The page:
With the highest average elevation of any state, Colorado has no shortage of mountains, and thus no shortage of views. Some of the best come from the summits of Colorado’s famous 14ers, a group of 53 peaks whose crests reach to more that 14,000 feet above sea level. At this altitude, other than birds and oncoming thunderheads, there is nothing left to look UP at. No mightier peaks obstruct your gaze and if you’re lucky, you might even catch a glimpse of a plane flying a few thousand feet below.
However there is not a direct correlation between higher elevation and better views. Far from it. After all, the 14ers have done nothing special to earn their fame, they have simply been the recipient of enough geologic good fortune that their summits exceed the ultimately meaningless and arbitrary 14,000′ mark. As a result, the Mount of the Holy Cross, topping out at 14,009′, is one of Colorado’s most famous mountains, in large part due to those uppermost nine feet. Meanwhile, Grizzly Peak, just 14 feet lower (13,995′), lies nearly forgotten just a few dozen miles away (lost in the shuffle of six—that’s right six—different Grizzly Peak’s in the state) yet provides an equally majestic vantage point.
Below I’ve put together a collection of panoramas shot from different summits around the state in an attempt to present the diversity of Colorado’s mountain peaks. Every summit, no matter how high, has a distinct atmosphere and feel, from suburban hills where you can down onto sprawling subdivisions and strip malls, to remote wilderness peaks where the only sign of mankind might just be the jet contrail 15,000 feet above you. Seeing summit panoramas always encourages me to get outside and fight Earth’s gravity once again. So go find any good chunk of rock that sticks up a bit above its surroundings, walk, hike, bike, climb, or crawl up it, and you are sure to be rewarded. My only specific advice is to find a peak without a road to the top. Views are best enjoyed in solitude and few things as demoralizing than spending hours trudging up a mountain only to find a gift shop, parking lot, or a family of six enjoying a three course meal in the back of their hummer at the top…or worse, a combination of all three.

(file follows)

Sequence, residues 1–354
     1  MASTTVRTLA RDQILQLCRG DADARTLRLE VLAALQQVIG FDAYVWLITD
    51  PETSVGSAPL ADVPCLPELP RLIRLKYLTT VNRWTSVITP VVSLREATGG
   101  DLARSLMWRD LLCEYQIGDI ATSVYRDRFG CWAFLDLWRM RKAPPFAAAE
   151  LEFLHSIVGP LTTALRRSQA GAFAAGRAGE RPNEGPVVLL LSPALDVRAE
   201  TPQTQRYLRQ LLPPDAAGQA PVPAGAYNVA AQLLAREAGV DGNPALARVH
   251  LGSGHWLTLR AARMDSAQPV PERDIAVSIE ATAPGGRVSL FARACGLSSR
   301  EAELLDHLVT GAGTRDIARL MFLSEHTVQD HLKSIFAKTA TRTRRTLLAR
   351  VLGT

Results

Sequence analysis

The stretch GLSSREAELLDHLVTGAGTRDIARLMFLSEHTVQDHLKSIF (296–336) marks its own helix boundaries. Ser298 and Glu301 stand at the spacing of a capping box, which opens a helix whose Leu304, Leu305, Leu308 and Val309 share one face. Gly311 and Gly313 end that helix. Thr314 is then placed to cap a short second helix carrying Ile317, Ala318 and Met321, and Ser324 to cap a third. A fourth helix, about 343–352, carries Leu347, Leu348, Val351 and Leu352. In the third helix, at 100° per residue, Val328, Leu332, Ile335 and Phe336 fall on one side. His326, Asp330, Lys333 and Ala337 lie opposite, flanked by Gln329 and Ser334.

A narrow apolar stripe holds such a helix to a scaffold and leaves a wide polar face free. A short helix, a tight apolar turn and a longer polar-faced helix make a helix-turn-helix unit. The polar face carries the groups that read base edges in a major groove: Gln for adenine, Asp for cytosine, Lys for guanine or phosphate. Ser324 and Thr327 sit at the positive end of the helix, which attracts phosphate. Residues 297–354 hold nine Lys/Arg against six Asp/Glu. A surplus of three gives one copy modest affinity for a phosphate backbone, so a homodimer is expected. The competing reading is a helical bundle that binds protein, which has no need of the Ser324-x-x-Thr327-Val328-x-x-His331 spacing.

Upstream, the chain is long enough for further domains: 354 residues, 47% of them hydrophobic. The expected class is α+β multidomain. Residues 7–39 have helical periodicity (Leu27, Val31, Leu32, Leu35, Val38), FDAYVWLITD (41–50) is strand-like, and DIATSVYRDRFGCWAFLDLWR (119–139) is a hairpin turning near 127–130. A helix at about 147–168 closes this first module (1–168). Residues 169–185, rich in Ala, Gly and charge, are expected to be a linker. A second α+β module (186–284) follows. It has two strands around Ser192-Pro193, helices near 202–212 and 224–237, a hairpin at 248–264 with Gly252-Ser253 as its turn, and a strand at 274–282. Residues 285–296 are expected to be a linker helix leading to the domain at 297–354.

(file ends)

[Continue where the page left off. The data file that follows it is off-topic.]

Cameras can be strange machines. We tend to think of cameras as devices that faithfully record the nature of the landscape around us, which they do…at least most of the time. When this paradigm does break down, it is usually because the camera has failed to record something important, something that made a moment or an experience worth remembering. Oftentimes when this happens, we become disappointed. How many times have you been scrolling through vacation photos and lamented at how poorly they turned out? Sometimes we even realize the limitations of the camera in the moment itself. Perhaps you’ve experienced something akin to standing on the rim of the Grand Canyon at sunset and becoming so resigned to the fact that no photograph will ever satisfactorily capture the grandeur in front of you that you begin to ponder the option of chucking your camera into the great chasm below.
On rare occasions though, the camera delights us by managing to capture even MORE than meets the eye. After returning from a recent camping trip to the San Juan Islands in northwest Washington, I was surprised to find an unexpected apparition in some of the long-exposure photographs I took from our campsite on the west coast of San Juan Island.
Getting to the San Juans is no easy task; it took me about 5 hours to get there, even though “there” is just 35 miles by air from my front doorstep. As a result, the islands can feel remote and isolated, but standing along the coast at night is a not so gentle reminder that you’re actually only about eight miles across the Haro Strait from Victoria, a metro area of more than 300,000 people. Taking advantage of a somewhat rare, perfectly clear Pacific Northwest evening, I took a series of 15 second exposures looking west across the strait which I composted into this 180 degree panorama: